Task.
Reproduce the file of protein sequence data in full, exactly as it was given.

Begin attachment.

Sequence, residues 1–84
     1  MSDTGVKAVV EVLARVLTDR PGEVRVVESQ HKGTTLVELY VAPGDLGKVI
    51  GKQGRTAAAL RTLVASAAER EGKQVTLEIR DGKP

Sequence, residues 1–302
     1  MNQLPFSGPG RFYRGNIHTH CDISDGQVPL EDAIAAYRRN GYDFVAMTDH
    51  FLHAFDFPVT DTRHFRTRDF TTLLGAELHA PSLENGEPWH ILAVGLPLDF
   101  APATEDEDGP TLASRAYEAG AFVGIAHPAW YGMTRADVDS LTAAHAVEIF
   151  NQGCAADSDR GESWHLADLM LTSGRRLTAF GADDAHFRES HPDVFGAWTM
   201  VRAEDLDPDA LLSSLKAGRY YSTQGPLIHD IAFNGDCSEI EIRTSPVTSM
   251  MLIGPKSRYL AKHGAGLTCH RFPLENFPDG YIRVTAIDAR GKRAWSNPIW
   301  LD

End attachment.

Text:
Sequence, residues 1–84
     1  MSDTGVKAVV EVLARVLTDR PGEVRVVESQ HKGTTLVELY VAPGDLGKVI
    51  GKQGRTAAAL RTLVASAAER EGKQVTLEIR DGKP

Sequence, residues 1–302
     1  MNQLPFSGPG RFYRGNIHTH CDISDGQVPL EDAIAAYRRN GYDFVAMTDH
    51  FLHAFDFPVT DTRHFRTRDF TTLLGAELHA PSLENGEPWH ILAVGLPLDF
   101  APATEDEDGP TLASRAYEAG AFVGIAHPAW YGMTRADVDS LTAAHAVEIF
   151  NQGCAADSDR GESWHLADLM LTSGRRLTAF GADDAHFRES HPDVFGAWTM
   201  VRAEDLDPDA LLSSLKAGRY YSTQGPLIHD IAFNGDCSEI EIRTSPVTSM
   251  MLIGPKSRYL AKHGAGLTCH RFPLENFPDG YIRVTAIDAR GKRAWSNPIW
   301  LD